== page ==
SIMMONS v. STATE

Reset A A Font size: Print

Abraham SIMMONS, Jr., Petitioner, v. STATE of Florida, Respondent.

No. 2D15–2527.

Decided: September 28, 2016

Abraham Simmons, Jr., pro se. Pamela Jo Bondi, Attorney General, Tallahassee, and Helene S. Parnes, Assistant Attorney General, Tampa, for Respondent.

In his petition filed under Florida Rule of Appellate Procedure 9 .141(d), Abraham Simmons raises multiple claims of ineffective assistance of appellate counsel. We grant the petition as to ground I; we deny the remaining grounds without comment.

A jury convicted Simmons of burglary of an occupied dwelling and criminal mischief involving more than $1000. The trial court sentenced him as a violent career criminal (VCC) to thirty years' imprisonment for the burglary and a concurrent term of ten years' imprisonment for the criminal mischief.

In ground I of his petition, Simmons argues that appellate counsel was ineffective for failing to file a motion to correct sentencing error pursuant to Florida Rule of Criminal Procedure 3.800(b)(2). See Fortner v. State, 23 So.3d 1275, 1276 (Fla. 2d DCA 2010) (stating that a claim that appellate counsel was ineffective for failing to file a rule 3.800(b)(2) motion to correct a sentence that is not authorized by law is cognizable in a petition filed under rule 9.141(c)). He contends that his ten-year sentence as a VCC for criminal mischief is not authorized by the VCC statute. See Ubilla v. State, 8 So.3d 1200, 1202–03 (Fla. 3d DCA 2009) (reversing VCC sentence for theft because it does not qualify as a primary offense for which a VCC sentence may be imposed).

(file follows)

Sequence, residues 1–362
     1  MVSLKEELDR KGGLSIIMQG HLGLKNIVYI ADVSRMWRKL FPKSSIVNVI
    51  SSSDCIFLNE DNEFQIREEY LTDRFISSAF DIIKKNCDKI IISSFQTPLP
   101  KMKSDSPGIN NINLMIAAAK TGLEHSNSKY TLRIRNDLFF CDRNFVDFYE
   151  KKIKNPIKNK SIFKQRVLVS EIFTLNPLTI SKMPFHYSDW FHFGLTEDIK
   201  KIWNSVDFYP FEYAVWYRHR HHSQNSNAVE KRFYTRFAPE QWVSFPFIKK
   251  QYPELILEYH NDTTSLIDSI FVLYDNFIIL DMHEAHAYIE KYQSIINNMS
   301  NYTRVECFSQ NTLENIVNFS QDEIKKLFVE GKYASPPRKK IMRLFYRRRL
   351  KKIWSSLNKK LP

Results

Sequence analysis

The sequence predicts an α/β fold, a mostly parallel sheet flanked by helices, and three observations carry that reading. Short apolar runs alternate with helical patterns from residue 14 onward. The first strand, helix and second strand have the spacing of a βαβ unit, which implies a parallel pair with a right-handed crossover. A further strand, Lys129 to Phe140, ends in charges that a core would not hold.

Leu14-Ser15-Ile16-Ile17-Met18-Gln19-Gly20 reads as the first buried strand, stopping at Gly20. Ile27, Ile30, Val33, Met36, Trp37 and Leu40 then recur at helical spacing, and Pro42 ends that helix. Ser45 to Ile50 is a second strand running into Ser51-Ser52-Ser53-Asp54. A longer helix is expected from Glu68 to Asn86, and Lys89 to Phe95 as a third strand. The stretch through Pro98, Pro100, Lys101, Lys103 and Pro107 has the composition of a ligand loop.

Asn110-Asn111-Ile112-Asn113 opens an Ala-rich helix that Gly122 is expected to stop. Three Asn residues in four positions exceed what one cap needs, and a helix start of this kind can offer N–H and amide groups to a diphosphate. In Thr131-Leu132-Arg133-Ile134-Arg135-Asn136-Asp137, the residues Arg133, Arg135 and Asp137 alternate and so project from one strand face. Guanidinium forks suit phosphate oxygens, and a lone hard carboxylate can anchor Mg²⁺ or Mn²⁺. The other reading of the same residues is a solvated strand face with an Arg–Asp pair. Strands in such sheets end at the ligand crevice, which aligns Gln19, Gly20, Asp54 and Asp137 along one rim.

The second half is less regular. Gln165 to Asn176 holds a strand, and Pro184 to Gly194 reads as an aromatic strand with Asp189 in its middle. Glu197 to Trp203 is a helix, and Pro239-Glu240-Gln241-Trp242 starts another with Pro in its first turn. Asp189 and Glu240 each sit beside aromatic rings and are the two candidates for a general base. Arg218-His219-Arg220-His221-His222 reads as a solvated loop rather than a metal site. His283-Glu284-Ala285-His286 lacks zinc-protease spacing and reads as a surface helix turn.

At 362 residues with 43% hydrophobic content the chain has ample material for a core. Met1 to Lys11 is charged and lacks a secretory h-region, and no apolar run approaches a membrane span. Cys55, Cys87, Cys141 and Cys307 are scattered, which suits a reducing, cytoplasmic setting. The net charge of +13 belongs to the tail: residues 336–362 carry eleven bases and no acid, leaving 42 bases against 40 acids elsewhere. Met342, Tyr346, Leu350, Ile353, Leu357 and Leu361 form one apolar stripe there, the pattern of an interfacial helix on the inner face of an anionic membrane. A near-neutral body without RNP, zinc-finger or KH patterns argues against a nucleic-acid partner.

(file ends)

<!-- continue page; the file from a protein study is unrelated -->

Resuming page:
The State acknowledges Ubilla but argues that it was incorrectly decided. However, the cases cited by the State in support of its argument are inapposite because they concern the habitual violent felony offender statute. The VCC statute specifies the offenses that qualify for VCC sentencing, and criminal mischief is not a qualifying offense. See §§ 775.084(1)(d)(3), 776.08, Fla. Stat. (2010). Thus, Simmons' VCC sentence for criminal mischief is illegal. If counsel had filed a rule 3.800(b)(2) motion to correct sentencing error and preserved this issue for review, this court would have been compelled to reverse Simmons' sentence for criminal mischief and to remand for resentencing. Because a new appeal would be redundant, we reverse Simmons' sentence for criminal mischief and remand for resentencing in accordance with this opinion.

Petition denied in part and granted in part.

PER CURIAM.

NORTHCUTT, KELLY, and BADALAMENTI, JJ., Concur.

Copied to clipboard